Status of third-party observations during examination considered for the first time

Israel

The Israeli registrar of trademarks has held that the word mark HAVE YOU FALLEN ILL? HAVE YOU BEEN INJURED? (in Hebrew) was eligible for registration by a medical rights entity as it had acquired distinctive character through extensive use, which was shown in part by confidential evidence. The registrar had regard to third-party observations made in the course of the examination, notwithstanding that there is no mechanism under the Israeli trademark statute for submitting third-party observations (Application No 243620 in the name of Medical Rights Centre Ltd, December 1 2014).

The applicant, Medical Rights Centre Ltd, specialises in representing individuals in claims against the National Insurance Institute. It sought to register the trademark HAVE YOU FALLEN ILL? HAVE YOU BEEN INJURED? (in Hebrew) in Classes 36 and 45 of the Nice Classification.

The examiner refused registration on the grounds that the mark lacked distinctive character, as required by Section 8(a) of the Trademarks Ordinance [New Version] 5732-1972, and that it directly related to the nature or quality of the services for which registration was sought and was thus barred under Section 11(10) of the ordinance. The examiner considered, among other things, a submission made in the course of the examination by a competitor company, which claimed that the propounded mark was ineligible as it was a descriptive word combination common to the industry and that its registration would afford the applicant an unwarranted trade advantage.  

The issue was brought ex parte before the IP adjudicator, who determined that the mark was descriptive, rather than suggestive. However, the adjudicator held that the mark had acquired distinctiveness through use and had thus become eligible for registration in accordance with Section 8(b) of the ordinance. The IP adjudicator had regard to:

  • an expert opinion demonstrating that the public identified the mark with the applicant;
  • Google search results the majority of which pointed to the applicant; and
  • a third-party competitor’s admission in its correspondence with the applicant that the propounded mark was being used by the applicant and characterised its publications.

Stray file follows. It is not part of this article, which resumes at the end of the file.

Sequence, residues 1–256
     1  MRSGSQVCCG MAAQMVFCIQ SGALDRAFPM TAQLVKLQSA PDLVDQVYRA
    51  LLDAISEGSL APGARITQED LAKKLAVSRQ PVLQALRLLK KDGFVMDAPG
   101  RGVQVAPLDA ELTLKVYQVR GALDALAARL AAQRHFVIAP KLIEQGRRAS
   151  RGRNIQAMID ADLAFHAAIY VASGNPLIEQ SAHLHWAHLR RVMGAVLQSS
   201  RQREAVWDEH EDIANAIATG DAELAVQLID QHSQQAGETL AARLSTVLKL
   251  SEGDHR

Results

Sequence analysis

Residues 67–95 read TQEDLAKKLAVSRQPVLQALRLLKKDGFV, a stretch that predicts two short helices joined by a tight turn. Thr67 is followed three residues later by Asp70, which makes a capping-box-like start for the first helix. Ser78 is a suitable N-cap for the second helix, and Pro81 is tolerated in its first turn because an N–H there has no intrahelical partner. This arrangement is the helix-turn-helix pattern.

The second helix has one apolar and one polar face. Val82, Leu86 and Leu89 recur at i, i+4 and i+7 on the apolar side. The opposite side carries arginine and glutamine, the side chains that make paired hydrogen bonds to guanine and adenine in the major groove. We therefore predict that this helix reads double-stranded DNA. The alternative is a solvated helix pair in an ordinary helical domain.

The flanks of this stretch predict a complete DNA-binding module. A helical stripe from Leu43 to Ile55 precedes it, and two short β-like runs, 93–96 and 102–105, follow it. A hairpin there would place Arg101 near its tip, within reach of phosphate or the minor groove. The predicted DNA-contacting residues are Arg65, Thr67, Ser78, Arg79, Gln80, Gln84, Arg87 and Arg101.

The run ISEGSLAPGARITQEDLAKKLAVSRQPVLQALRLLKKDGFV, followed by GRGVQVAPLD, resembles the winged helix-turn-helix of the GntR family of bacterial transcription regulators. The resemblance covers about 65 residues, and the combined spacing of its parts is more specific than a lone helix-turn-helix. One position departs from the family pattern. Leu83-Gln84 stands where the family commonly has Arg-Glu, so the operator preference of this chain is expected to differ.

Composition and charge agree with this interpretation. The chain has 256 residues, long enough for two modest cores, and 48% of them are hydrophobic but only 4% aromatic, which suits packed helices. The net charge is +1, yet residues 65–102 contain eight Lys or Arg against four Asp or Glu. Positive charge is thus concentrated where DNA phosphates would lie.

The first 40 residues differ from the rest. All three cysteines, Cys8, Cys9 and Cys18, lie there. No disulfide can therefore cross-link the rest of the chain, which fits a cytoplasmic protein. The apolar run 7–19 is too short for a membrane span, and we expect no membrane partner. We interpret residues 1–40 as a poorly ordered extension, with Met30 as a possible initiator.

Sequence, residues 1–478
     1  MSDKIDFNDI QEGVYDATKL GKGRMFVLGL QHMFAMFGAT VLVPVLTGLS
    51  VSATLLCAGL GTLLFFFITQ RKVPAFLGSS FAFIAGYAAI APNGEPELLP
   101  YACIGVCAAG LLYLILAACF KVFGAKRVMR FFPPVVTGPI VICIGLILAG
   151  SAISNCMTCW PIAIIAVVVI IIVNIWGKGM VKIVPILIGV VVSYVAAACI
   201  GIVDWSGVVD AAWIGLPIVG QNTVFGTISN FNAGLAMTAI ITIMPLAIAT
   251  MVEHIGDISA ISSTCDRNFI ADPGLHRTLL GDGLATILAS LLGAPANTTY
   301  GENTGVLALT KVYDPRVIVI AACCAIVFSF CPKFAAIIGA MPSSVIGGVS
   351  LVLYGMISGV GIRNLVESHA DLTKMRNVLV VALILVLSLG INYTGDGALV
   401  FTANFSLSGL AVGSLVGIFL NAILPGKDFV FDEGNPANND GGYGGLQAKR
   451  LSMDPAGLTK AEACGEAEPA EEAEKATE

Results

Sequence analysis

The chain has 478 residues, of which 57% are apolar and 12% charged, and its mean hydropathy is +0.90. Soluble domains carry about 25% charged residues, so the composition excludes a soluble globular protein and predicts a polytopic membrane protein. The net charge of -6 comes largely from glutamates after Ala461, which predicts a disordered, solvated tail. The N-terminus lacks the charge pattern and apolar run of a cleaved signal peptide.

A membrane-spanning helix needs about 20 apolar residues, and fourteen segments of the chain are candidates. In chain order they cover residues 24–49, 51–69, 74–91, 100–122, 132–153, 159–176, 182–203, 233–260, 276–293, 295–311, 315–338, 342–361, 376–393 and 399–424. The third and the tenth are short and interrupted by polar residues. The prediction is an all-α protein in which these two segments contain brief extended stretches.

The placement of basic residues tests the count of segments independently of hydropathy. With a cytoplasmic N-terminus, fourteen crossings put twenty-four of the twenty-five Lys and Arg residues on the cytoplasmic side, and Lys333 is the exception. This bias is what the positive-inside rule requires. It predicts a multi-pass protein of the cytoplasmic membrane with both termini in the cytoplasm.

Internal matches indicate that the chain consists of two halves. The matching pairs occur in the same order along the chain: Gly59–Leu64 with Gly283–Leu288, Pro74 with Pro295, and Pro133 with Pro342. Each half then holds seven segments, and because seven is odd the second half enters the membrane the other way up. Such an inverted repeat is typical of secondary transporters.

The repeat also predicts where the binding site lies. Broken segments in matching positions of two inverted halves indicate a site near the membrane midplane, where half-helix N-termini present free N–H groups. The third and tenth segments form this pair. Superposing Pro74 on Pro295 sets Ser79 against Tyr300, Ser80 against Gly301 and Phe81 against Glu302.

Addressing the applicant’s objection to the examiner’s consideration of a third-party submission, which is not contemplated by the ordinance, the IP adjudicator ruled that, while there is no provision in the ordinance or in the Trademarks Regulations regarding a third party’s right to intervene in the examination (such express statutory provisions do exist in Israel’s Patents Law 1967), general principles of administrative law allowed the examiner, as an administrative arbiter, to have regard to information emanating from third parties, provided that the information was relevant and reliable and that the examiner disclosed such information to the applicant.

The IP adjudicator also granted, in part, the applicant’s motion to keep some of its evidence privileged and not subject to public inspection pursuant to the registrar’s Circular Letter 028/2014 of August 25 2014. Under the Circular Letter, examination files, subject to certain exemptions, become available for public inspection (upon request and for a fee) from the time when they appear in the Trademark Office’s computer system. Exemption may be requested for documents containing trade secrets, among other things. The IP adjudicator noted that the decision to grant protection to a document turns on the distinction between information necessary to the public for understanding the basis for a mark’s registration and information relating to the applicant’s commercial operations. Among other items of information, the adjudicator granted protection to data regarding the number of the applicant’s employees and amounts invested in advertising, noting that the investment in advertising was considerable and long-term.

The mark was accordingly accepted and ordered to be published for opposition.  

David Gilat and Sonia Shnyder, Gilat Bareket & Co, Reinhold Cohn Group, Tel Aviv

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